Not long ago it occurred to me that I might make a damn good dog trainer. It would be my third career change, each one accompanied by a different bit of strategic patter to defend my decision—to others and myself.
The dog-trainer idea came to me last winter while I was sick, laid up on the sofa and fairly enthralled by a Dog Whisperer marathon (it may have been the medication). As Cesar soothed one troubled dog after another, I began thinking, "I could do that." And then thinking, "No, seriously, I could do that." At the time, it seemed like a defensible next step after my current job as a school counselor.
See, the hurdle in these situations isn't finances, education, or whether you'll actually like "working with your hands" or "giving back." It's certainly not about any satisfaction you might get from transforming snarling pit bulls into happy lapdogs. It's about the justification. It's about explaining yourself to your current boss, to that ambitious couple you just met at a party, or, hardest of all, to your spouse. And it's about feeling comfortable with yourself as you step on the elevator with your last paycheck and that box of stuff from your desk.
When I've made career changes—from newspaper editor to freelance illustrator and then to head of a middle school counseling department—I've always felt obliged to gird myself with proof points and rationalizations. See, historically, career shifts have often suggested to others that you lacked conviction or that you were a little bit nutty. People imagined your house stacked with yellowing periodicals and too many cats.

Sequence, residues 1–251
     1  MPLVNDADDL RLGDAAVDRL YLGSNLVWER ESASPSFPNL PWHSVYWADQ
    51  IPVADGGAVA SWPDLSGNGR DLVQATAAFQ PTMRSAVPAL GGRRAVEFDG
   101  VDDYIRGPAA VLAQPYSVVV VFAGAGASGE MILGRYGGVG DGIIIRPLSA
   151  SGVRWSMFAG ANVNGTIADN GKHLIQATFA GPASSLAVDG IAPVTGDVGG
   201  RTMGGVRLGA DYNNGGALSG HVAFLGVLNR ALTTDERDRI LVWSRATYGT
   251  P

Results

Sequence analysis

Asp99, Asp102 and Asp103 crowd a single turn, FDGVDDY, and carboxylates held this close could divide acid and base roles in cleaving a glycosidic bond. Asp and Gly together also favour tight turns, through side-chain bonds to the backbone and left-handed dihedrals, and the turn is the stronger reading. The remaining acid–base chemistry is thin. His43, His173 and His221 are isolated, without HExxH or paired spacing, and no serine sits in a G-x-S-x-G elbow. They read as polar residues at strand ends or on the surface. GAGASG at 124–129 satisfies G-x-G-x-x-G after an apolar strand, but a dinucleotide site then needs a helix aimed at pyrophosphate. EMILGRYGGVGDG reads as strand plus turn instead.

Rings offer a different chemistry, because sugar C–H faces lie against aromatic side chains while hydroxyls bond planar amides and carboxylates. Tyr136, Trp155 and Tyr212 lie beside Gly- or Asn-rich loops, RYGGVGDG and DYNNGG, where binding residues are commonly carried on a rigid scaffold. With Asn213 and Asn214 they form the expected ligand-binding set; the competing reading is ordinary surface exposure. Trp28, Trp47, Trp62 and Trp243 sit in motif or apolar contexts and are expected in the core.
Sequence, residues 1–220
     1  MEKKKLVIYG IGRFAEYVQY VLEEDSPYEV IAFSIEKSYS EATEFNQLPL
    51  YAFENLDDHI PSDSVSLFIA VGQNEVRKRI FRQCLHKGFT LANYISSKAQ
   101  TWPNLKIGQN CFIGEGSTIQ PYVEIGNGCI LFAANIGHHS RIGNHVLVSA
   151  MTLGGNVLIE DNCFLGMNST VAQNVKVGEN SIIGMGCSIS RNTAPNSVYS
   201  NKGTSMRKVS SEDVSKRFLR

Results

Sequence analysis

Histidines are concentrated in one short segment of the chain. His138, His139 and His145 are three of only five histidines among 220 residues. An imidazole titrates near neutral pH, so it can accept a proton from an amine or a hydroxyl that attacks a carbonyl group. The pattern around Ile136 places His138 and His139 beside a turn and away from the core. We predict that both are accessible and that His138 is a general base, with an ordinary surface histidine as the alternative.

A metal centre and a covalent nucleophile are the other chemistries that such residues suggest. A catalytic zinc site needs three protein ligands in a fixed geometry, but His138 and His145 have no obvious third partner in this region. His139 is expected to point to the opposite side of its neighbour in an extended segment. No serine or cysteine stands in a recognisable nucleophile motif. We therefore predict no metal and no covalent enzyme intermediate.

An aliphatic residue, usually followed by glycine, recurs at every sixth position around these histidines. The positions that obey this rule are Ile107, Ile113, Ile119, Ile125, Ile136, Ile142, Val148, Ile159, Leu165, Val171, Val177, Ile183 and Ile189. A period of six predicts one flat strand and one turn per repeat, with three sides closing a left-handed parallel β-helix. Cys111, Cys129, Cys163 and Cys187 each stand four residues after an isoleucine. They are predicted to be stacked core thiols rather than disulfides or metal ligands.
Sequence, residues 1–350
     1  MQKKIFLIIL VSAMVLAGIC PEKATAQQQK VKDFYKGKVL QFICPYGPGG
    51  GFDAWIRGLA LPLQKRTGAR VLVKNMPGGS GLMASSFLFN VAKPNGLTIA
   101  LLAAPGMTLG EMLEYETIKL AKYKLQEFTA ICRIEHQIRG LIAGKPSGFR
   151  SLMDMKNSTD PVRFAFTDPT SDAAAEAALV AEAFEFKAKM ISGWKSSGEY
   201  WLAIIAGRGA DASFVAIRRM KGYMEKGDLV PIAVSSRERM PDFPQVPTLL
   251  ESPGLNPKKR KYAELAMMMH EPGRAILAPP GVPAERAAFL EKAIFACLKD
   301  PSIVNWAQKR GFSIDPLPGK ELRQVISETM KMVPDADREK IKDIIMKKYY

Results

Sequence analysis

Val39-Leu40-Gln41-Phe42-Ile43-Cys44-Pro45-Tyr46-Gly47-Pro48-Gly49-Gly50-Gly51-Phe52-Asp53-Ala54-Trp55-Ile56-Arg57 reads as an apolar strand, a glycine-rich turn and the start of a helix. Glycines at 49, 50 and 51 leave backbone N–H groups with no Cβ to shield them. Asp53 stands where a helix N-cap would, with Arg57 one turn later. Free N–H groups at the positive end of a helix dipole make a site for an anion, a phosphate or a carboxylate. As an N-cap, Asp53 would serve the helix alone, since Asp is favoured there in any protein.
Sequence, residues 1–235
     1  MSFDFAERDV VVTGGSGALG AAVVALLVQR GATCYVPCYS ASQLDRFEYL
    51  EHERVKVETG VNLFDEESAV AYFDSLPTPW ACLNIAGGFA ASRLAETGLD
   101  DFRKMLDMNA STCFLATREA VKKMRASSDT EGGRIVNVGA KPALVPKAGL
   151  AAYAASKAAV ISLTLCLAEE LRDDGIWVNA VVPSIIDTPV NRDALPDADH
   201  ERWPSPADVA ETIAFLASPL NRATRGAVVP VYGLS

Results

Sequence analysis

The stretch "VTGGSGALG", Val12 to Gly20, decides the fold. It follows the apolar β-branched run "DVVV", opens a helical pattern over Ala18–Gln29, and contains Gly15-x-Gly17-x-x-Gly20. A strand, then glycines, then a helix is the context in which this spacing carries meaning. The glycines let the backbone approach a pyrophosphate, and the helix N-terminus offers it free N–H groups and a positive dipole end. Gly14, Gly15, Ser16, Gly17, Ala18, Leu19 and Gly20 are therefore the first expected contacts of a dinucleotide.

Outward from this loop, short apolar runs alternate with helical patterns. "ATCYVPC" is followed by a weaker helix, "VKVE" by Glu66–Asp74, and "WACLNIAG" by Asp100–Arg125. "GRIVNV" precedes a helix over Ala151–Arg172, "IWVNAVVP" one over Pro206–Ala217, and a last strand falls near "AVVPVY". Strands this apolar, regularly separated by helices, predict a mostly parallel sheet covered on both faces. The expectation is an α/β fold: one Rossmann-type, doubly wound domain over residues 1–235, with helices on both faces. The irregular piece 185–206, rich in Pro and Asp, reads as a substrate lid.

Of course lots of people thought about changing careers—they fantasized about working for themselves in slippers all day, spending more time with the kids, or offering nonprofit assistance to people they've seen in National Geographic magazines or Shelby Lee Adams photos. But they didn't want to look like idiots and really do it.
But things are different these days. Now it's acceptable, trendy even, to change jobs. Look at ads for insurance, dental hygiene, and constipation relief—all full of beaming people living their dreams and starting hydroponic farms and bike shops. This is a good thing, right? All these self-fulfilled people doing what they love, helping others, and providing us with healthy food and well-tuned bikes.
But it also worries me just a bit. What if Johns Hopkins surgeons (some of whom have operated, fortunately, on me) decide to become furniture makers? What if some key State Department operative, in the midst of negotiating with an informant about a dangerous sleeper cell, realizes she'd rather be writing porn? What if infectious disease investigators go off and teach seventh-grade science instead?
Wait, maybe there is a career change in my future—advocating for the new stick-to-itiveness. There might even be a book deal. I could work from home. In my slippers...